When Harvard scientists tested why, they discovered it’s because the microbes in the skin activate in high humidity, which is something that the people in ancient Peru never had to worry about, because of the dry desert atmosphere. However, recent changes in climate have brought fog to the region, thereby increasing the moisture in the air, thereby melting mummified human remains

6. Alcohol Makes Your Body Think It’s Being Burned

Ethanol (alcohol) activates the vanilloid receptor-1 (VR1 for short), which is what your body activates at high temperatures (107 degrees Fahrenheit or higher, usually) to let you know that you’re getting burned. Alcohol lowers the temperature at which your VR1 receptors activate, so instead of alerting you when your temperature rises above 107 degrees, it does so when it hits 93 degrees. In other words, your receptors are telling you that your normal body temperature (98.6 degrees) feels like burning. It’s also why open wounds sting when you pour alcohol over them—and it’s why you get a burning in your throat when you pound a particularly potent shot. Break out the chasers,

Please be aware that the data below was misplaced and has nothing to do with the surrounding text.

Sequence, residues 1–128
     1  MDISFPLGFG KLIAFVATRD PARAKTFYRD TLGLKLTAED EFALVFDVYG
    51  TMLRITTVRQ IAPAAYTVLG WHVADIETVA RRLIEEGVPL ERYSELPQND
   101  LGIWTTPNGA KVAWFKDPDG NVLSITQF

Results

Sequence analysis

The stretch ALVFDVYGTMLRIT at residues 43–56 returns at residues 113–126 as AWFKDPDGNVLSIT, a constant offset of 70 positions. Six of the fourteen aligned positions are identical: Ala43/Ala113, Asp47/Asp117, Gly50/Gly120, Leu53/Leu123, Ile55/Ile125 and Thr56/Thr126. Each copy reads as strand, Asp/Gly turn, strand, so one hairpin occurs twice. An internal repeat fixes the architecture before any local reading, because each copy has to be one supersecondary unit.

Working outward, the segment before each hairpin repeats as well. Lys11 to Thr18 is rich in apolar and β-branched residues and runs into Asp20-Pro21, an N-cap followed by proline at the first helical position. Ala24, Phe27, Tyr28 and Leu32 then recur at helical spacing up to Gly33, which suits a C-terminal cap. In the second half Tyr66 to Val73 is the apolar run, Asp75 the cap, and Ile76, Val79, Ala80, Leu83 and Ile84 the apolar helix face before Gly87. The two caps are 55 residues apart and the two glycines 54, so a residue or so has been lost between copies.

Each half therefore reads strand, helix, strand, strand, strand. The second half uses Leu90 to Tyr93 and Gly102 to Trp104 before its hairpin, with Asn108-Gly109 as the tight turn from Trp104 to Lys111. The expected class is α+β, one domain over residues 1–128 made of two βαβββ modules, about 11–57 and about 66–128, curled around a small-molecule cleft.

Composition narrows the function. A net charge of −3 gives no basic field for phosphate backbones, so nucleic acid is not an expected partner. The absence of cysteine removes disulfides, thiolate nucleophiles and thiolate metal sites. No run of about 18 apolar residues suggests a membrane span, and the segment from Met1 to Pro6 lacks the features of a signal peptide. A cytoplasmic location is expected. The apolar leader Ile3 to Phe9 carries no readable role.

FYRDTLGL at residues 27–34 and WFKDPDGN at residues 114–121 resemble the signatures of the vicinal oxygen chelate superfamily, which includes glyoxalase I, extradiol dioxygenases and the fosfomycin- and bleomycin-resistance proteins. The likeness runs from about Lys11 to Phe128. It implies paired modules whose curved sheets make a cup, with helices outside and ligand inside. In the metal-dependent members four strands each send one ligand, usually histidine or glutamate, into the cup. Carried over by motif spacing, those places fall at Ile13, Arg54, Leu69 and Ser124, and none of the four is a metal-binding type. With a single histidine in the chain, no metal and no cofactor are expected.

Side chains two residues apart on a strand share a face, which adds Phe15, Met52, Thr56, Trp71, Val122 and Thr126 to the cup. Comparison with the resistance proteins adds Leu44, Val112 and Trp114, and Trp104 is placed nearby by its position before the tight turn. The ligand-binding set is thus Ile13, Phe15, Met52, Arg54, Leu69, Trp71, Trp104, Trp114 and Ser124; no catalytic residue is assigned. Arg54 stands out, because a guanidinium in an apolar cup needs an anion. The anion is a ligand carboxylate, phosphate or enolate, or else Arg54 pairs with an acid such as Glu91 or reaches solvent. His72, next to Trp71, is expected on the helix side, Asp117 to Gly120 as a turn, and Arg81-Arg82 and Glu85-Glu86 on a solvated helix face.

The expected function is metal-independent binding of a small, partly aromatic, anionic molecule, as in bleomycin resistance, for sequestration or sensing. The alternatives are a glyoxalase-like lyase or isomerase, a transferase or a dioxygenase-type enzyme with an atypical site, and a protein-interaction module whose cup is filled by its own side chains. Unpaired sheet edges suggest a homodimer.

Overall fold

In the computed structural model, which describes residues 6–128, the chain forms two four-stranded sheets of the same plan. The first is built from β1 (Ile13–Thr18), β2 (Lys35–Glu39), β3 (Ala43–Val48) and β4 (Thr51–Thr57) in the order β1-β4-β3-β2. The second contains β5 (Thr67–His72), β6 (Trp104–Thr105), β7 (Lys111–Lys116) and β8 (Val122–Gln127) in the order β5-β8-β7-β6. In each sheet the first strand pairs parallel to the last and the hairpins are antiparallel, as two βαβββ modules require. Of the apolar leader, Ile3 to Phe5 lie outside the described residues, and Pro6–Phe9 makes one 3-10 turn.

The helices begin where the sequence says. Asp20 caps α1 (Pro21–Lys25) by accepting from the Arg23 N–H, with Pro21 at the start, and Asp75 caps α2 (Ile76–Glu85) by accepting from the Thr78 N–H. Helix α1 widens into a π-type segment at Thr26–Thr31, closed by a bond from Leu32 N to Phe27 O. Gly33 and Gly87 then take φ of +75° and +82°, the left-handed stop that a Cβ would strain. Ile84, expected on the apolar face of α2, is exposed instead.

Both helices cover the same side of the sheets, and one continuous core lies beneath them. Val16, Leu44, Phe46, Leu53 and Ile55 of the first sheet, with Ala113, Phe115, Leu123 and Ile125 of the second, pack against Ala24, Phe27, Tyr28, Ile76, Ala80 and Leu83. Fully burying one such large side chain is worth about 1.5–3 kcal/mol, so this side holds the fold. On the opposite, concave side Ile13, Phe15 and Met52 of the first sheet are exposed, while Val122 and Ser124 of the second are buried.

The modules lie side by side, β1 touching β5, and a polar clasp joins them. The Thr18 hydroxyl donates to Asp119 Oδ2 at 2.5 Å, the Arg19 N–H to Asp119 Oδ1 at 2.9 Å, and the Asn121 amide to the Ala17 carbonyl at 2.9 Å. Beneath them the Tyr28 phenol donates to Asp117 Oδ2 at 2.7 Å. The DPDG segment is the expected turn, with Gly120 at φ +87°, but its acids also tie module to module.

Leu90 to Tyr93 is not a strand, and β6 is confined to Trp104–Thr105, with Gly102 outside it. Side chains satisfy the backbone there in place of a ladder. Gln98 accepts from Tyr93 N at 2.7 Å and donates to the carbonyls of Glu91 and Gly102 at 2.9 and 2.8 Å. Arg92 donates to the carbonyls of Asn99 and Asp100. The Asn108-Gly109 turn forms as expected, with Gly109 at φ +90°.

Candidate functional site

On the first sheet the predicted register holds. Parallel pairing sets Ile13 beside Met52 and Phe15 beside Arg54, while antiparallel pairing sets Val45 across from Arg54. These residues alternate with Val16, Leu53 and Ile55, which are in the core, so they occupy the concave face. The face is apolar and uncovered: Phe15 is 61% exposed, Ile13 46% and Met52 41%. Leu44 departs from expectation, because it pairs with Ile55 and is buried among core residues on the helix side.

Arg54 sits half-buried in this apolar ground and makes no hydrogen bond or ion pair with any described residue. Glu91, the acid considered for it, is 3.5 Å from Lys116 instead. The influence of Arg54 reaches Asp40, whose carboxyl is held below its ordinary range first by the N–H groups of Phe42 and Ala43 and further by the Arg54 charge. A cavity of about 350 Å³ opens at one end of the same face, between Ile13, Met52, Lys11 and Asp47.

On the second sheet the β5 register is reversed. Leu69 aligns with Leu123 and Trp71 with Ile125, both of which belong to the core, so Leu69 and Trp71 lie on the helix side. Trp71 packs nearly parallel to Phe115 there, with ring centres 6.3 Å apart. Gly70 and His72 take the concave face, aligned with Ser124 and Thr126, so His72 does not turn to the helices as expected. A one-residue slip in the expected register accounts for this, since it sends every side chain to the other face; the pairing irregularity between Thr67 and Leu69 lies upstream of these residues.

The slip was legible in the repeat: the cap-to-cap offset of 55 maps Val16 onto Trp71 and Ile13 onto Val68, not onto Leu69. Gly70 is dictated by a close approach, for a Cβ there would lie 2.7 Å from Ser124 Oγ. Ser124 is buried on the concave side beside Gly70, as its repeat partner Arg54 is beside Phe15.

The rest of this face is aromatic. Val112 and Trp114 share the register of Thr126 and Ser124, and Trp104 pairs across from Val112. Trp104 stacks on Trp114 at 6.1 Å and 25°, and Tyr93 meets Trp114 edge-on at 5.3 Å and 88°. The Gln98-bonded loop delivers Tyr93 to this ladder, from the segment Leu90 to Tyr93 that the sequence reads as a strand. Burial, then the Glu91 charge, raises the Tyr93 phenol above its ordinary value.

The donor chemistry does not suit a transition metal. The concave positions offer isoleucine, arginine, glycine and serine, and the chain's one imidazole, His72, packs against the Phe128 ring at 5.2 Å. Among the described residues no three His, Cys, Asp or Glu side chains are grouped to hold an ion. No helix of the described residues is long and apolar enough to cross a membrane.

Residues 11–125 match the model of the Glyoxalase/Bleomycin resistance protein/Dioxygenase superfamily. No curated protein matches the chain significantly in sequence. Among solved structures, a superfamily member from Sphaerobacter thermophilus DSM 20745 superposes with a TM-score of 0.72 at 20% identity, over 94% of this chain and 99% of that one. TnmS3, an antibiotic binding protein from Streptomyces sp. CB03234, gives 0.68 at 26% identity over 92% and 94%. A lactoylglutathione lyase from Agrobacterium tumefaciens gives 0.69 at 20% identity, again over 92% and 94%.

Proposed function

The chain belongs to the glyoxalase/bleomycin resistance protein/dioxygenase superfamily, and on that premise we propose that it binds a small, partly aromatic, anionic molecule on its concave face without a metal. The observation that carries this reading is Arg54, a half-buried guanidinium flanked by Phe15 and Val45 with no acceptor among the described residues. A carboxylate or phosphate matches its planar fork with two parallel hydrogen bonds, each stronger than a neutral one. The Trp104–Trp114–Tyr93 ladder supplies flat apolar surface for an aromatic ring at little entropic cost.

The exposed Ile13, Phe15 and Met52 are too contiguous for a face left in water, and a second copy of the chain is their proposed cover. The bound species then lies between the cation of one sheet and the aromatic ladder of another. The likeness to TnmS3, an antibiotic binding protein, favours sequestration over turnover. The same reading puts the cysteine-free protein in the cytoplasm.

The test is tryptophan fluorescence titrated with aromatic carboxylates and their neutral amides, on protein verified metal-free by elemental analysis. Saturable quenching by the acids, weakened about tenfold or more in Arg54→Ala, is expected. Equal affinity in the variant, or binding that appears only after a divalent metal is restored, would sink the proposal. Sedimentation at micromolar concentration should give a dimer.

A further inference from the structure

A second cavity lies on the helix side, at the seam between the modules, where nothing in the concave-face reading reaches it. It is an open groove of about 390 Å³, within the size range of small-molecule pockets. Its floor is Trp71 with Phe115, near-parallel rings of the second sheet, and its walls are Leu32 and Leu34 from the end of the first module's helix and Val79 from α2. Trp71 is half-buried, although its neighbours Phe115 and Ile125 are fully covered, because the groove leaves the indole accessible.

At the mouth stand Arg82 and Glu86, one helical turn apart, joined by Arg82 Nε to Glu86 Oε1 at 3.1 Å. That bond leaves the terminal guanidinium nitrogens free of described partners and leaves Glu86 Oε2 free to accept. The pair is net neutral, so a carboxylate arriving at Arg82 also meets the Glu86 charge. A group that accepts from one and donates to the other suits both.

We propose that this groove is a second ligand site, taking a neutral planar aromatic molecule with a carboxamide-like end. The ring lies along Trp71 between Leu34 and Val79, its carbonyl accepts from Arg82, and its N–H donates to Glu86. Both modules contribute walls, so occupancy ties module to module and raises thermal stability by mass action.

7. People With Fatal Hypothermia Think They’re Overheating

This “paradoxical undressing” occurs in nearly half of all hypothermal deaths. It hasn’t been fully studied because it would be pretty unethical to do so, but there are two theories at this point:

  1. The nerves in blood vessel walls are paralyzed due to the cold, which leads to vasodilation (where blood flows more freely to the surface of the skin) giving the illusion of warmth.
  2. The vasoconstriction experienced in the first stage of hypothermia actually paralyzes the vasomotor center—which is what controls the sensations of body temperature in the whole body

It gets even weirder after that. Once undressed, the person will attempt to burrow into very small spaces. Finding bodies in states like this is why hypothermia deaths are commonly misconstrued as acts of violence. Yikes.

8. Espresso Isn’t Technically Coffee